NAME: Mark S. Britton TITLE: Senior vice president, general counsel and secretary AGE: 34 THE BUSINESS: Launched in 1996 by Microsoft Corp., Bellevue, Wash.-based Expedia Inc. is an online travel agency offering access to 450 airlines, 65,000 lodging properties and all major car rental companies. Expedia, with 750 employees, reported a last-quarter cash profit of $15 million, based on sales to 904,000 customers. The company’s future, however, is now linked closely to TV. On July 16, Microsoft announced it was selling its controlling interest in Expedia to USA Networks, which owns entertainment and interactive companies and plans to launch the USA Travel Channel, a new cable television program service offering travel products. SIZE OF DEPARTMENT: Britton does not see this sale affecting his job, at least not in the short term. He currently oversees two attorneys and two paralegals in Bellevue and an attorney who keeps tabs on regulatory issues on Capitol Hill. A fourth attorney, to be based in Europe, is expected to join the in-house group by late summer or early fall. RESPONSIBILITIES: Britton manages all aspects of Expedia’s legal, corporate and governmental affairs, handling settlement negotiations in major litigation and directing acquisitions last year of Travelscape.com and Vacationspot.com. For the past six months, he says, he counseled Expedia executives as the Microsoft-USA deal morphed from a proposal to reality. BUILDING A LEGAL TEAM: In November 1999, Britton became Expedia’s 149th employee — and first general counsel. As a result, Britton had to build his own department because until then Expedia had relied on Microsoft’s lawyers. The co-mingling of work made it difficult to assess the fledgling company’s in-house needs. “When I showed up, there was me with really no road map to what Expedia would need as far as legal resources go,” Britton says. The company did have a legal services agreement with Microsoft, but Britton severed that within his first six months and proceeded to “guess” at a budget for his new department. He says he “came pretty dang close” to his 1999 budget estimate (within $10,000 if the costly Priceline Corp. litigation wild card is removed). As Expedia grew, so did the department. He brought over two attorneys from his former firm, Seattle’s Preston Gates & Ellis, a paralegal from Microsoft and a paralegal from Microsoft’s MSN Internet service. After spending more time than he expected on Washington lobbying and overseeing expansion in Europe, Britton hired a lobbyist-attorney, and he expects to hire someone to keep tabs on outside counsel in Europe. USA TAKEOVER: With the news of USA Network’s purchase of Microsoft’s portion of Expedia, Britton says, he expects the headquarters and management to remain intact, at least for a while. The legal department, he adds, will be “turbo-charged” with the change. “In a lot of ways we had outgrown Microsoft,” he says. “They were more focused on software than building the world’s largest travel company.” ONGOING LITIGATION: Though there are no major pieces of litigation facing Expedia at the moment, Britton’s first few months were not so peaceful. Just before, and not long after, he joined the company and took it public, Priceline sued Microsoft and Expedia in federal court in Connecticut, alleging infringement of pending business- method patents related to an online airline ticket auctioning system. Priceline claimed Expedia’s Hotel Price Matcher and Flight Price Matcher services infringed on patents assigned to Priceline.com. Priceline further asserted claims of unfair and deceptive trade practices against the two companies. Expedia and Microsoft replied with countersuits, challenging the validity of the patents. The suits settled under the veil of a confidentiality agreement in January, with a note in Expedia’s SEC filings saying “the company entered into a royalty arrangement with Priceline.com” and the “arrangement did not have a material impact on the company’s financial position or results of operations.” Britton, who says he spent two to three months in active negotiations with Priceline’s general counsel to resolve the dispute, declined to comment on the settlement. He did say the large discovery requests by Priceline caused consternation at Microsoft and Expedia. “There was a lot of legal wrangling that made the case move very slowly and was very costly to both sides,” he says. REED ELSEVIER LITIGATION: To add to his litigation load, publisher Reed Elsevier Inc. filed a breach of contract suit in October 1999 on behalf of its subsidiary Cahners Business Information against Microsoft and Expedia. The suit, which was dismissed in March 2000 after the parties entered into a confidential settlement, involved Expedia’s purchase of hotel directory content for its Web sites from Cahners. Describing the settlement as “favorable” to Expedia, Britton says, “We wished they had not decided to sue. They saw this as a way to get out of the contract.” SELF-POLICING: While battling Priceline and Reed Elsevier, Expedia decided to do a little policing of its own. Specifically, the company, on Dec. 27, 1999, in federal court in California, challenged the name claimed by Xpedior, which Expedia considered too close in pronunciation to its own. As did the other pieces of litigation, the trademark infringement suit also ended in settlement in July of last year, with Britton revealing only that at some point Xpedior, a subsidiary of Metamor Worldwide, will no longer be using a name that resembles Expedia. Because most of Britton’s attention was focused on the Priceline litigation, he says he relied heavily on outside counsel to help negotiate the other two settlements. PRIMARY OUTSIDE COUNSEL: Of the 10 to 15 firms Expedia relies upon, Britton pointed to the following key firms: the Washington, D.C., office of Preston Gates for regulatory issues and the firm’s Seattle office for corporate and business development, benefits, litigation and tax matters; for the Priceline litigation, Expedia trusted Pennie & Edmonds in New York; but for other patent, trademark and copyright matters, the company stays local with Seattle’s Christensen, O’Connor, Johnson & Kindness. In San Francisco, Shearman & Sterling handles complex corporate matters and for other business and corporate issues when there are conflicts with Preston Gates, which also represents Microsoft. Also, Expedia uses Dorsey & Whitney’s Seattle office for employment issues, and Berry, Appleman & Leiden in San Francisco for immigration matters; in London, Allen & Overy is Expedia’s pan-European firm. PET PEEVES: Britton looks to have “good conversations” with outside counsel. Bad conversations come about, he says, when there are problems in the areas of honesty or responsiveness. “If there’s ever an issue, good or bad, I want to talk through it with my counsel and I feel that a lot of time counsel try to hide things,” he says. In Britton’s estimation, counsel try to conceal that they don’t know about an area of law, or that a task will cost more than previously discussed. Britton, however, would rather know about any problems as soon as possible. “Nothing is more painful for in-house counsel than being surprised,” he says. And those outside counsel who know that, who get that they need to be honest and responsive, “are the ones I go back to time and time again.” ROUTE TO THE TOP: A Montana native, Britton spent his undergrad years at Gonzaga University in Spokane and earned his J.D. from the National Law Center at George Washington University. He stayed in D.C. five years after law school, first practicing in a securities group doing thrift conversions at Muldoon, Murphy & Faucette. In 1994, he went to work for the Securities and Exchange Commission, leaving in 1997 as senior counsel to the division of corporate finance. Eager to move back west, Britton settled at Preston Gates, where he was elected partner in 1999. His tenure there led directly to Expedia, where he was involved in spinning off Expedia from Microsoft. “I was hesitant to make that jump,” he says. But Britton balanced his hesitancy against his long-term goals to be more of a player on the business side of the law. He joined Expedia in 1999. FAMILY: Britton is married to attorney Brigid Conybeare Britton. She is taking time off from her practice to care for their son, who was born in October. LAST BOOK READ: At the risk of sounding too much like a “lawyer geek,” Britton admitted his last book was “U.S. v. Microsoft: The Inside Story of the Landmark Case,” by Joel Brinkley and Steve Lohr.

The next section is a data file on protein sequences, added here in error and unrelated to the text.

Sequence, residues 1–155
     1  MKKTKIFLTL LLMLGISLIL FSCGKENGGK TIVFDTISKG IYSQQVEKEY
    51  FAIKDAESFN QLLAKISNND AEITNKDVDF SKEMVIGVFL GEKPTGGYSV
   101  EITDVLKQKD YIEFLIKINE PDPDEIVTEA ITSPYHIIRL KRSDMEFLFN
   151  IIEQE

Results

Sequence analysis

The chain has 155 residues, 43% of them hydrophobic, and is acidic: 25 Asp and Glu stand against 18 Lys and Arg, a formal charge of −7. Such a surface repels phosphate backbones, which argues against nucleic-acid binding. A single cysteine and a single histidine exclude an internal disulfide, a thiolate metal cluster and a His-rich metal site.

Want to continue reading?
Become a Free ALM Digital Reader.

Benefits of a Digital Membership:

  • Free access to 1 article* every 30 days
  • Access to the entire ALM network of websites
  • Unlimited access to the ALM suite of newsletters
  • Build custom alerts on any search topic of your choosing
  • Search by a wide range of topics

*May exclude premium content
Already have an account?

Reprints & Licensing
Mentioned in a Law.com story?

License our industry-leading legal content to extend your thought leadership and build your brand.


ALM Legal Publication Newsletters

Sign Up Today and Never Miss Another Story.

As part of your digital membership, you can sign up for an unlimited number of a wide range of complimentary newsletters. Visit your My Account page to make your selections. Get the timely legal news and critical analysis you cannot afford to miss. Tailored just for you. In your inbox. Every day.

Copyright © 2021 ALM Media Properties, LLC. All Rights Reserved.